Purpose: To demonstrate the outcome for patients after cataract extraction using the Catquest cataract questionnaire and discuss the models validity in assessing outcome.
Setting: Thirty-five Swedish departments of ophthalmology.
Methods: Patients having cataract extraction performed by surgeons from 35 Swedish departments of opthalmology participated in the study. The questionnaire was given to 2970 consecutive patients having surgery during March 1995 at the participating surgical units. The questionnaire was sent by mail to patients and completed on a voluntary basis. It focuses on visual disabilities in daily life, activity level, cataract symptoms, and degree of independence. The results form the questionnaire are interpreted using a benefit matrix that credits not only a decrease in visual disabilities and cataract symptoms but also an improvement in or maintenance of a preoperative activity level.
Results: Complete surgical outcome data and completed preoperative and postoperative questionnaires were available in 1933 cases (65.1%). Benefit from surgery according to the model was achieved by 90.9% of the patients. Patients having their second cataract extraction had the highest frequency of the greatest benefit form surgery. There was good agreement between the different levels of benefit from surgery according to the model and the patient's global rating of his or her vision or achieved visual acuity after surgery, respectively. Patients with missing data (did not return postoperative questionnaire or had missing surgical result variables) were older and had a higher frequency of other diseases and handicaps.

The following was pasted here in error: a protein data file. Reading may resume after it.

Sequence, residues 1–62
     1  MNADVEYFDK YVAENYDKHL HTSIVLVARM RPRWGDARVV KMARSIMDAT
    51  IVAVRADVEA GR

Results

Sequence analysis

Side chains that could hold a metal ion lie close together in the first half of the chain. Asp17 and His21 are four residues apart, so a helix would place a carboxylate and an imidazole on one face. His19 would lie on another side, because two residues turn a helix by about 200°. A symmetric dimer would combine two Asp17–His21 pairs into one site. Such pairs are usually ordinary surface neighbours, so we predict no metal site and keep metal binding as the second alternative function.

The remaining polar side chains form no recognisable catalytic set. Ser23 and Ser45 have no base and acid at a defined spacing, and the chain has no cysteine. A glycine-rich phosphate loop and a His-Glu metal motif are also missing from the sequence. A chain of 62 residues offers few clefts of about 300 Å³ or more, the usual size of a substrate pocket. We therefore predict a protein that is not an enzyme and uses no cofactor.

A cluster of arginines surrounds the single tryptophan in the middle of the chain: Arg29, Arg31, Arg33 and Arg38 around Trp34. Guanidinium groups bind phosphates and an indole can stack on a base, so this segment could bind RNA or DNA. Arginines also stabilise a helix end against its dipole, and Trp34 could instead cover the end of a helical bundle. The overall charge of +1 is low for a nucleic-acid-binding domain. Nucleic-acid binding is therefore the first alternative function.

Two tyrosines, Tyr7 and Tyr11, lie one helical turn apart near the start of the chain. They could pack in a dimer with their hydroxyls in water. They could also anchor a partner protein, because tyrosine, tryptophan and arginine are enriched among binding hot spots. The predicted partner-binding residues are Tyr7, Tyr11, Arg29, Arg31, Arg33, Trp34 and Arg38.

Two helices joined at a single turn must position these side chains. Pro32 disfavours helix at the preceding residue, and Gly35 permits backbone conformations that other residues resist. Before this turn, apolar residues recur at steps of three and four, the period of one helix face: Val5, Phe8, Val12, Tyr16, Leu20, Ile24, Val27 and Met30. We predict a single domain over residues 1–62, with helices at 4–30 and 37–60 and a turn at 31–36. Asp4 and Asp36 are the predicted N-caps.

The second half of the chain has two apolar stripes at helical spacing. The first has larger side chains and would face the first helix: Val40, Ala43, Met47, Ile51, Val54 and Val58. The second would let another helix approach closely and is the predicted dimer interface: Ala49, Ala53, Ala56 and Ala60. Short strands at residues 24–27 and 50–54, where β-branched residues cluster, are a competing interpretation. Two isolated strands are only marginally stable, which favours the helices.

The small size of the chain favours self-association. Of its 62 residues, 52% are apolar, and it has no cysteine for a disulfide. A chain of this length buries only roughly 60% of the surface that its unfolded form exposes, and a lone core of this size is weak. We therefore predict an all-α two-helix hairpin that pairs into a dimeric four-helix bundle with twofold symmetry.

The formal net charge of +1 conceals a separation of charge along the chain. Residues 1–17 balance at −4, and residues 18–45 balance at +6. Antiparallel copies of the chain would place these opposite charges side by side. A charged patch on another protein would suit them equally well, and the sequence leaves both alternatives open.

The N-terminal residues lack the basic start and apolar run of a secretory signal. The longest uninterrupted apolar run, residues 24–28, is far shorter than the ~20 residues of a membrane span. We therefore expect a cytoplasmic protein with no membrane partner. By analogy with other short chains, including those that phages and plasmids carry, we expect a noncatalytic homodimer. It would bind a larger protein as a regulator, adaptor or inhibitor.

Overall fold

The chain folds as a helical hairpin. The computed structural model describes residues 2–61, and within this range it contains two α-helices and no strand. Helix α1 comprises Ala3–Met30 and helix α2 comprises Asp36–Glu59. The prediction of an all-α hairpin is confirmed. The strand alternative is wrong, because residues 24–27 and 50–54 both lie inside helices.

Conclusion: The Catquest cataract questionnaire allowed the outcome of cataract surgery to be graded by different levels of benefit. There seemed to be good agreement between this model of assessment and the patient's global rating of his or her vision. Missing data may be a problem when a postal questionnaire is used.